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Iceland To Uphold New Tourist Tax

Travelers Today       By    Sheobi Anne Ramos

Updated: Mar 21, 2017 03:16 AM EDT

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Iceland travel, iceland tourism boom
18 Awe-Inspiring Things To Do in ❄ICELAND❄ | Travel Better in... Iceland!
Iceland is one of the most popular tourist destinations now.
(Photo: Holidays extras Travel Guides/Youtube/https://www.youtube.com/watch?v=xE6B-doCZV4)

Iceland is now experiencing a surge in the country's tourism. Data reports show that only a number of 490,000 visitors in 2010, Iceland will welcome an estimated amount of 2.3 million visitors this year.

The numbers are staggering, considering the Icelandic population only falls less than 340,000. Government officials are worried that the overwhelming amount of visitors Iceland has will contribute to the potential detriment of the country's famous spots and natural resources.

Game of Thrones, a popular television show by HBO, filmed some of their scenes in Iceland. This has greatly contributed to the tourism boom the country is experiencing today. Tourism brings about 45 percent of foreign exchange, about $5.1 billion this 2017.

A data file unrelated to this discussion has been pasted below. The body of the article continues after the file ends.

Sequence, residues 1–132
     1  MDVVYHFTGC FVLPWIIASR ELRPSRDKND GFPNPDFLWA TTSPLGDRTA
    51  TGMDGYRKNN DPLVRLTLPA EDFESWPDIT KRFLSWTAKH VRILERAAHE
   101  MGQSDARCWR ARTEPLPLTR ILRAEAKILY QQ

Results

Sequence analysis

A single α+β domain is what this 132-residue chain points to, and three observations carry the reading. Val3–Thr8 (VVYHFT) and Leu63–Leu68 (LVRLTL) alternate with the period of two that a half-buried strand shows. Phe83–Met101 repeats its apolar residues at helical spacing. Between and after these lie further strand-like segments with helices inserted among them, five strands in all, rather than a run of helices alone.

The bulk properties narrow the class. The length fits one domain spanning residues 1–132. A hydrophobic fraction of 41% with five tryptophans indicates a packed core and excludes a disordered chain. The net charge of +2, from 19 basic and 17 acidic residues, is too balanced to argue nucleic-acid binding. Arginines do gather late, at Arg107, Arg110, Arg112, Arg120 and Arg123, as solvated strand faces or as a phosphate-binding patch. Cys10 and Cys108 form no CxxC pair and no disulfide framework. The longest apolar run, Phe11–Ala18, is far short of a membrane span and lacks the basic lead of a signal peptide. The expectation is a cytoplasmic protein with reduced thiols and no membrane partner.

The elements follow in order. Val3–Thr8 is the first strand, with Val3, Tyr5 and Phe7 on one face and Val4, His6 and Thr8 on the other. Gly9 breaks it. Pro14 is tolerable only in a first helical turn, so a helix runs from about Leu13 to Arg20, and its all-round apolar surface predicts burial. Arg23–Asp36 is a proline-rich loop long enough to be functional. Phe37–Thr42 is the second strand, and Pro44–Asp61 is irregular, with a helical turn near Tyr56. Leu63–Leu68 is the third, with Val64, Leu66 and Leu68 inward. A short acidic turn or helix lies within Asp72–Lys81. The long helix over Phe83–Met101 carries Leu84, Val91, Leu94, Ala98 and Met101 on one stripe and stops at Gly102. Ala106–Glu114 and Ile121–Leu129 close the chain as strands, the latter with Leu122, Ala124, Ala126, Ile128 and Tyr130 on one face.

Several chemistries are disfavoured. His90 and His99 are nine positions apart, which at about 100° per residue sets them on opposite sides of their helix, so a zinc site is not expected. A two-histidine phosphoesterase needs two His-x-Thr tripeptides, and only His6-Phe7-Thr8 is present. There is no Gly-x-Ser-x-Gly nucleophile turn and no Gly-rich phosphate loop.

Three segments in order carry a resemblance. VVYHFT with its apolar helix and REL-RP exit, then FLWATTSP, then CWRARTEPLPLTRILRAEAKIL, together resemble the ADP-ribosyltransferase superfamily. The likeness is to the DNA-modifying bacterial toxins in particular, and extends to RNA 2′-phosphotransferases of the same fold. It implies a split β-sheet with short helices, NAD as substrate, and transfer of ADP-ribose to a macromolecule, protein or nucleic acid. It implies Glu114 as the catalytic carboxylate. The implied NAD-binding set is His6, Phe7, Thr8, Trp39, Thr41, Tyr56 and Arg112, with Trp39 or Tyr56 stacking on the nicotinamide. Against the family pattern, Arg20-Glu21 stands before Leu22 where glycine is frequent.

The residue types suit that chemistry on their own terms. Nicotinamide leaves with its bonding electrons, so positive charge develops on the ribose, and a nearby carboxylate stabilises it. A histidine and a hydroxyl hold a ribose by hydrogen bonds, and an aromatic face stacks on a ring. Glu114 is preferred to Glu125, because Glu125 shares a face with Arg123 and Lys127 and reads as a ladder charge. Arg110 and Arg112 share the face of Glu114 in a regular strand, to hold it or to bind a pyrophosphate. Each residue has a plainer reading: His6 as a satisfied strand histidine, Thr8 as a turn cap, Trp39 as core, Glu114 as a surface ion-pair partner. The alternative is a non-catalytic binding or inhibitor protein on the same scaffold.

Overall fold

Because of this, the coalition government is considering some options to slowly stall the negative effects of the highly-increased tourism in the country. An all-new tourist tax hike was proposed, as well as an action that would force tour agencies and bus operators to acquire a special license before going into service.

But the tourism ministry is being careful about these changes they want to propose. Iceland is already one of the most expensive destinations in Europe-a taxi ride from the airport to the city costs around $150. Any additional tax hike would be added to the already considerable bills tourists have to pay for when in the country.

"The sector and all of us have to be careful not to become victims of our own success. Some areas are simply unable to facilitate 1 million visitors every year. If we allow more people into areas like that, we're losing what makes them special -- unique pearls of nature that are a part of our image and of what we're selling," said Thordis Kolbrun Reykfjord Gylfadottir, Iceland's tourism minister.

"When we talk about charging for access, to me that relates more to controlling the number of people entering particular areas - which we need to do. We also need to ensure that tourists that come here get a positive experience during their stay."

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